I, however, am not that hardcore. I stayed inside with Scott, watching the Nascar race, and unintentionally tracking mud on their carpet. I checked on Honey every now and then, you know to make sure he hadn’t fallen in the lake and drowned, and as usual within 5-10 seconds of every cast he had another one. I got two words for you anglers: Little Jake. Check them out. Take a look at what some locals caught in the Williamette River on Father's Day last year. That's an 8 foot long stergeon fish.

Tomorrow I have to pull it together and go back to work, probably wearing a shirt out of the dirty clothes. Laundry got done once and one load – which was all I could afford – wasn’t enough. So we fake it till Tuesday. I wear a hoodie so often I don’t think anyone will notice. We’ll see; I still have to dig to the bottom of the suitcase. I didn’t get my other boxes of clothes because of the rain and we’d have to untie the entire boat in said rain. You get the idea.

The Office - Like No Other

I’ve survived my first week, one that didn’t feel as long as it actually was. It was Thursday before I realized we were half way home. The office here is like nowhere I’ve ever worked. The place is constructed of after-thought additions and yes you do need a map to find your way – there’s one in the drafting room, assuming you know how to get there. There’s lots of wood paneling, the front office is coated in it and sports auburn carpet from 1975. I’ve seen at least 3 carpet colors here, all are equally retro, worn, and desperately need multiple shampoos or to be replaced. The seams have separated as far as two inches and are badly frayed. A lot of the chairs are mismatched and held together with tape or commercial shrink wrap. I have the largest computer monitor I’ve seen since my dad got into pc’s when I was 10 – actually this one is bigger than those. Every drawer in the building squeaks and the kitchen closest to my department is battling an ant problem. Oh yeah, and the nice restroom by the front office has a metal box on the floor called a Victor Tin Cat.

My department consists of 4 other drafters and the boss. “Rob Dog” programs the CNC machine and is the oldest, Heidi is the only other girl (I loaned her my Fit for Life book the first day), Randall is the broodingly quiet resident genius – I got his old computer with all the toys, and Brandon is the newbie from California who started a week before me. Nat, the boss, listens to various Zen-like music from a site called Pandora on the web and has his office plastered with drawings and pictures of his two daughters. It’s also the quietest office I’ve ever been in. Nobody really talks. At all. There’s little to no audible music, just clicking (computer) mice and keys. Not everyone gets up during break, they just switch to the internet – they trust us with internet here. I generally eat alone in the break room right outside our office (one room, Nat’s office, the printer room, and a scanner room – the fluorescent light of which can be seem from my cube through my steel-mesh, safety glass window).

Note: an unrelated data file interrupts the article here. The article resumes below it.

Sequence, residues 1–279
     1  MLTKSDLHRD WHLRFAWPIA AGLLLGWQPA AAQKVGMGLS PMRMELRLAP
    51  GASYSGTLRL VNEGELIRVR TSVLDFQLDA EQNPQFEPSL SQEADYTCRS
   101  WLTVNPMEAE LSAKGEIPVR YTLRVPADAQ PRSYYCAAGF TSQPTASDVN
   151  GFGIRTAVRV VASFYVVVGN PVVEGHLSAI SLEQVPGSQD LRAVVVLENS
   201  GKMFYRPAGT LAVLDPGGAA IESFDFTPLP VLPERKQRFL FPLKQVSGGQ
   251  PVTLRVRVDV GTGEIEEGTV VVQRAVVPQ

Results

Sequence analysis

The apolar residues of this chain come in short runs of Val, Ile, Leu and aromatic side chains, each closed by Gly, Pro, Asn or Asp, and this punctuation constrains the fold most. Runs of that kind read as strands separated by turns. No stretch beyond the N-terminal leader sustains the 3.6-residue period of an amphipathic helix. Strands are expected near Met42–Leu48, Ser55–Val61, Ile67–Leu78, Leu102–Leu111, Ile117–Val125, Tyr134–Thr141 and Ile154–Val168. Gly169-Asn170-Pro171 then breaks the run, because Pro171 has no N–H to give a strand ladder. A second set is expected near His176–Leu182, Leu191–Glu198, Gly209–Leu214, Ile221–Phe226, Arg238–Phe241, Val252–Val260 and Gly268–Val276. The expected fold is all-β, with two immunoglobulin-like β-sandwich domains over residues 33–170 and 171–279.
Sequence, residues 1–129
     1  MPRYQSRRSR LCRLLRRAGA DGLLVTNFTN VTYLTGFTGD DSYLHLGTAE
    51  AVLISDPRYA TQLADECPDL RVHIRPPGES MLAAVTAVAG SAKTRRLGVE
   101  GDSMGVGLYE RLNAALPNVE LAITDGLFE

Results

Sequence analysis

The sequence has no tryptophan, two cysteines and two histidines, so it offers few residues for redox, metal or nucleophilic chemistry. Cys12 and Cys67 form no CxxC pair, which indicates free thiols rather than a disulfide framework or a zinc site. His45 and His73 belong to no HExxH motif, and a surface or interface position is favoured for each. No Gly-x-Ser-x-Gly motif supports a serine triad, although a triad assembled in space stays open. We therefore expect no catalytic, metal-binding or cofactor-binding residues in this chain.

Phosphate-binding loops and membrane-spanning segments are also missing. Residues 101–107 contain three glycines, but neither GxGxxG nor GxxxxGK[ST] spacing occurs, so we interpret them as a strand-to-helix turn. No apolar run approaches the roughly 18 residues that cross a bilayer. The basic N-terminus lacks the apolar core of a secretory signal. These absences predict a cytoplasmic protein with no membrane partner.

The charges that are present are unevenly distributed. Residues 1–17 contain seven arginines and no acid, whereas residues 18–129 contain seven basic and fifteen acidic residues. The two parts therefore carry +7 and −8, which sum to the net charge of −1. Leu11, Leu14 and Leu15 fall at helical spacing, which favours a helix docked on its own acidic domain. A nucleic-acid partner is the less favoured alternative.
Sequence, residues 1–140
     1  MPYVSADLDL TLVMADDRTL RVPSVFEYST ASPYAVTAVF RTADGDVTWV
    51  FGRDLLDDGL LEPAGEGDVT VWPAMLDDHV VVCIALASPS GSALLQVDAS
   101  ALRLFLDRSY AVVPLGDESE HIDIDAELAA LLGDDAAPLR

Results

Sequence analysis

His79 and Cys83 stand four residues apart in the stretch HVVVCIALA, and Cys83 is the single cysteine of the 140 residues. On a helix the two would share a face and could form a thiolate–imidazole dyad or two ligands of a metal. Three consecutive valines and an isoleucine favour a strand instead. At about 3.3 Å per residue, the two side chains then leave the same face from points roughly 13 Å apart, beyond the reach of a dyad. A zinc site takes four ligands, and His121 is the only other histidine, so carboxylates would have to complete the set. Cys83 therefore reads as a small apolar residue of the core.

Sounds kinda scary, doesn’t it? To me, it came across as well-used shabbiness and no time or need to update for appearances. Pretentiousness couldn’t get a foot in the door here on a good day. I’m wearing jeans and a white T-shirt under my hoodie with hiking boots - completely acceptable dress here. Due to my laundry situation and only having two small suitcases of clothes at present, I had to wear the shirt that reads “genius by birth, slacker by choice” to the office yesterday and nobody said a word. The only way to get more relaxed around here would be to wear pajamas. There’s a rumor that some guy used to work with no shirt on – hence we got the attempt at a dress code that we have now. In the first week, different people have brought in banana bread, two pies from a local restaurant, and a box of donuts to share with co-workers. Several people outside my little department know my name already and greet me on sight. I’ve even run into the company foreman from the Encore job site.